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What is a Hydrographic Survey?

John Lister
By
Updated May 23, 2024
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A hydrographic survey involves the gathering of data about a particular area of water. This will usually be carried out to confirm that it is safe for boats to navigate and to identify any potential dangers. There is a school of thought that the term can only apply to inland waters such as rivers and lakes, but the phrase is commonly used in reference to oceans.

Some of the measurements which will be taken in a hydrographic survey are tides, currents and waves. These interact to create the overall pattern of the water’s behavior. For example, waves are affected mainly by local wind patterns, though of course these can vary, while tides are regular and predictable. Currents are overall patterns of movement in the oceans caused partly by both winds and tides, but also by the differences in temperature and salt levels in different areas of the ocean.

A hydrographic survey will also look the land beneath the water such as the river or ocean bed. This will involve measuring its depth at different points. The survey will also take into account natural features such as reefs and rocks which lay below the water surface.

Because a hydrographic survey is primarily driven by safety, there are certain conventions which those carrying out the surveys will follow. For example, where the depth of a section of water is variable, the survey will usually record the lowest depth which is possible rather then base the figure on an average over time. This can cause debate since it can be argued that the charts created by the survey are not a true representation of the waterbed as a whole; the counter-argument is that it is better to err on the side of caution. In many cases, the people carrying out the survey will take multiple measurements so that they can produce both the safety-focused hydrographic results and a more accurate measure of the water bed known as a bathymetric chart.

The relevant authorities will often accept suggestions from the public for areas which need a hydrographic survey but are not currently on the authority’s schedule. One example of a suitable case for suggestion is when the pattern of use in an area has dramatically changed, for example if leisure use of a stretch of water has increased. Somebody could also suggest an area is surveyed if they believe an accident has been caused by errors and omissions in the most recent previous survey.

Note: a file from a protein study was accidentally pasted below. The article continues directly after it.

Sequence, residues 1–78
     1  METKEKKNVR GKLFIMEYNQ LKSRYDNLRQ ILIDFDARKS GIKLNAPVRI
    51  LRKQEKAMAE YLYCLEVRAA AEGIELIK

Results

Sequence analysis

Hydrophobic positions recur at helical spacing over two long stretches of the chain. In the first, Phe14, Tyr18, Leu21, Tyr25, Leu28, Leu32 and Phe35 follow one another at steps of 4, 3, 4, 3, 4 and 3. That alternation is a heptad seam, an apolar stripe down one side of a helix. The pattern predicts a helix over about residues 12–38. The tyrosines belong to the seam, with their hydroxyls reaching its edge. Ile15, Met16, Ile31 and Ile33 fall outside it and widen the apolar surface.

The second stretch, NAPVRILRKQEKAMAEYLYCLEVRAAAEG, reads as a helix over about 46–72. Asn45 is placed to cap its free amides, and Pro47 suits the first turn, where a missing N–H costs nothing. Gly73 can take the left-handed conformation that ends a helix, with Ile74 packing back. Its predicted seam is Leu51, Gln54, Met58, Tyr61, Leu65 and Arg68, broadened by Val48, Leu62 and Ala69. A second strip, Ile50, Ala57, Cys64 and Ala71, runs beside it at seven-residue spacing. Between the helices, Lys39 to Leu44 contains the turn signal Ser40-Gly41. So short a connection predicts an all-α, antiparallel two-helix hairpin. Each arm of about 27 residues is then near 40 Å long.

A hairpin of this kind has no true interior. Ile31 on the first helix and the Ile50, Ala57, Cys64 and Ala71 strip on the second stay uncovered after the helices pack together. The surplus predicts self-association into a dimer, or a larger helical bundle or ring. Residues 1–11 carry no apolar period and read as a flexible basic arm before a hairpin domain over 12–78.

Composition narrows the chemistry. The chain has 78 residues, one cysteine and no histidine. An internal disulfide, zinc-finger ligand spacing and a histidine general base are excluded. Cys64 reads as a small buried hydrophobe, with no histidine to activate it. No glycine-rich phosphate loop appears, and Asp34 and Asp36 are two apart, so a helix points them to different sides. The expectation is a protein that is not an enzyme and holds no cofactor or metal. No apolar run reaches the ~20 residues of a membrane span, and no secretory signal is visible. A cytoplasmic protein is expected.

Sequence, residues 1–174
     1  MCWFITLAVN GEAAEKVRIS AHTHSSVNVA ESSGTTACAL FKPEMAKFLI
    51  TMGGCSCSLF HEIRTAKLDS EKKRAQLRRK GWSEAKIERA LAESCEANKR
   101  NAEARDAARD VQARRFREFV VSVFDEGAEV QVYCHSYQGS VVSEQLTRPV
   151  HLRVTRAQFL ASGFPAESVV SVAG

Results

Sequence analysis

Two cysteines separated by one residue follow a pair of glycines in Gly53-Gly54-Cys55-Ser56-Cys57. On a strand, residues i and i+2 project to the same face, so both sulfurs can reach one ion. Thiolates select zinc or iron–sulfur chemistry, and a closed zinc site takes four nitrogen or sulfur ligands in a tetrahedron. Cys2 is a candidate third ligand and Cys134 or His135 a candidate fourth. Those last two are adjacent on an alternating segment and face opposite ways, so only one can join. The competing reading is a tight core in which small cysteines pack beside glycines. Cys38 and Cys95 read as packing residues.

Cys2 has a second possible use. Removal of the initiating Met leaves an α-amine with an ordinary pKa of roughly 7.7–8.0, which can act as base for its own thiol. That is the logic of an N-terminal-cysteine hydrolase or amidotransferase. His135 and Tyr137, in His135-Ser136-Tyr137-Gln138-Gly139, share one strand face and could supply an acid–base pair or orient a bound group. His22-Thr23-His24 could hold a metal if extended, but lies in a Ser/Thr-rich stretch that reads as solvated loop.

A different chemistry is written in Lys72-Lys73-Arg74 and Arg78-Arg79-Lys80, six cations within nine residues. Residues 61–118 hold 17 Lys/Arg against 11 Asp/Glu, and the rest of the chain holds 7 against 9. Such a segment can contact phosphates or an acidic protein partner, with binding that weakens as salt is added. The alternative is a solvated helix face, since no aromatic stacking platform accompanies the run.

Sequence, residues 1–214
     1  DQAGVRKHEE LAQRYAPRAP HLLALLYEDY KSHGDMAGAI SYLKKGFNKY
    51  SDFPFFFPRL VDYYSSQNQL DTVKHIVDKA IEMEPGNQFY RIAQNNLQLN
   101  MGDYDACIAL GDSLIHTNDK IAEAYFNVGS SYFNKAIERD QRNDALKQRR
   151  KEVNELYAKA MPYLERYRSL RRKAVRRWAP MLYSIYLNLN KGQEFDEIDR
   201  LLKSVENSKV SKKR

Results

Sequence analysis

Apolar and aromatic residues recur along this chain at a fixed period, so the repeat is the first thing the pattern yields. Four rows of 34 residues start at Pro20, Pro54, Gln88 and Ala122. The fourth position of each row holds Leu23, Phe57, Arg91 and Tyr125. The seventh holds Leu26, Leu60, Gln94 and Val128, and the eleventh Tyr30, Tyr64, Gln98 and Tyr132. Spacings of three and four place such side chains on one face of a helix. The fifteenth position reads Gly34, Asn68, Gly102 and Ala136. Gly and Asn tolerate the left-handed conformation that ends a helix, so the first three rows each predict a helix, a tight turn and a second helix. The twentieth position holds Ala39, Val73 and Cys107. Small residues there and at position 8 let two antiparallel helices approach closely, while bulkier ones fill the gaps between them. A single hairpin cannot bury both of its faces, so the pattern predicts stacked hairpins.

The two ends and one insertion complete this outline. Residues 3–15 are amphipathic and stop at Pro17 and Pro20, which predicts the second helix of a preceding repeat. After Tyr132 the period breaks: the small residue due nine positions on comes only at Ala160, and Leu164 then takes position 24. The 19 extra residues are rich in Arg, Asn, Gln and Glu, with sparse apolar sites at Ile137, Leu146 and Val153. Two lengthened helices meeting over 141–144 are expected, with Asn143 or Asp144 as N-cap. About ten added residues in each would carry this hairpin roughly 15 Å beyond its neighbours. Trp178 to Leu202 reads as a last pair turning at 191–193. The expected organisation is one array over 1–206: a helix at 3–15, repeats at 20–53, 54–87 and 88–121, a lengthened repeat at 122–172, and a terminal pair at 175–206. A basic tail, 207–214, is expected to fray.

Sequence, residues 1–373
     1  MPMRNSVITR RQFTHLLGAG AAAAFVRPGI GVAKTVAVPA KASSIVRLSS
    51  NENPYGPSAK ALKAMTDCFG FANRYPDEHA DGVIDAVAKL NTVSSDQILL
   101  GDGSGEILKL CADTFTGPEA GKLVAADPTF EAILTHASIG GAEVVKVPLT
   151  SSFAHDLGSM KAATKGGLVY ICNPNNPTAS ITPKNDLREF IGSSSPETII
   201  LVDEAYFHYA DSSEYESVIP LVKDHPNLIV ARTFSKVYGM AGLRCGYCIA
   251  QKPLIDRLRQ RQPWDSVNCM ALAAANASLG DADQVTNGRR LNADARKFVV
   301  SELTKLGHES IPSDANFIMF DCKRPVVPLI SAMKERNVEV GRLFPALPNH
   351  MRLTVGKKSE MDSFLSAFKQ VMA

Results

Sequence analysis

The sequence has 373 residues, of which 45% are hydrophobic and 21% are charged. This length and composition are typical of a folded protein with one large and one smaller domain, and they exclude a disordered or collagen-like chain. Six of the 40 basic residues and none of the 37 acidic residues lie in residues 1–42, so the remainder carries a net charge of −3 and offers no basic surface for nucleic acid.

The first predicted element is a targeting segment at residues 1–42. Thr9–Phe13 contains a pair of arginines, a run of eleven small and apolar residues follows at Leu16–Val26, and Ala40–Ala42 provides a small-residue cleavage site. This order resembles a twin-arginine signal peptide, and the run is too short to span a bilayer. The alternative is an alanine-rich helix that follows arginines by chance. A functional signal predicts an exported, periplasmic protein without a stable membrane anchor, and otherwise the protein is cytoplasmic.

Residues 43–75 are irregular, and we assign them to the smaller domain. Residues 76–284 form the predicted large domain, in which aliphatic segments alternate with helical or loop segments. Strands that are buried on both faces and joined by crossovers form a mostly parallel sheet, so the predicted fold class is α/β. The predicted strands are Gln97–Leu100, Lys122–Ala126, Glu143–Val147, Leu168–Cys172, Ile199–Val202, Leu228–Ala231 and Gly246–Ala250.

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John Lister
By John Lister
John Lister, an experienced freelance writer, excels in crafting compelling copy, web content, articles, and more. With a relevant degree, John brings a keen eye for detail, a strong understanding of content strategy, and an ability to adapt to different writing styles and formats to ensure that his work meets the highest standards.
Discussion Comments
By Charred — On Aug 11, 2011

@David09 - I believe that after the terrible Indonesian tsunami of 2004, vast stretches of the coast line and the ocean bed in different islands had changed dramatically.

I remember seeing the before and after satellite images of these changes. I think in that situation, you should definitely have new hydrographic surveys. Areas that you once thought were safe may no longer be safe anymore, and vice versa.

By hamje32 — On Aug 10, 2011

@NathanG - My parents live in Florida and sometimes I go deep sea fishing with them off the Gulf coast.

I have to admit, we go pretty far out at times, looking for the fish. We use the so called “fish finder” equipment on the boat which shows us where the schools of fish are.

While the area seems to be safe, I do wonder about those deep waters. Sometimes it seems that the boat rocks a little too much with the shaking of the currents, and I have this brief fear of a “killer wave” suddenly emerging from the distance and engulfing us.

It’s not just a vivid imagination that I have; I saw something on television about killer waves, and they tend to be unexpected. This fear gets worse when it seems like we’re the only ones out at sea. However, now and then we see a helicopter overhead, so that tells me that all is clear.

By NathanG — On Aug 09, 2011

@David09 - Actually, I think the article does allude to that possibility, it just doesn’t say it outright.

I believe that when the surveyors look at the ocean bed, they are taking the possibility of an earthquake into their analysis.

There are full time scientists, however, whose job it is to constantly monitor the ocean floor for seismic activity such as earthquakes. I think that they would mainly do that job rather than leave it to the surveyors.

I believe that a hydrographic analysis is a fairly cursory investigation of the area, whereas the seismic geologists are using computers and special equipment to monitor the area twenty four hours a day.

By David09 — On Aug 08, 2011

The article talks about many factors that are taken into account when doing a hydrographic survey.

However, I think that one of the most important factors is whether the ocean is sitting on a seabed that has had fault activity, which would make it a prime location for a possible tsunami in the event of an earthquake.

In my opinion, this is the most important criteria. I realize that earthquakes are difficult to predict, but there should be some evidence in the ocean floor that would indicate recent earthquake activity.

Perhaps fault lines with unusually large fissures would be a cause for concern. I definitely think that these should be part of the hydrographic analysis, rather than just the ebb and flow of tides.

John Lister
John Lister
John Lister, an experienced freelance writer, excels in crafting compelling copy, web content, articles, and more. With...
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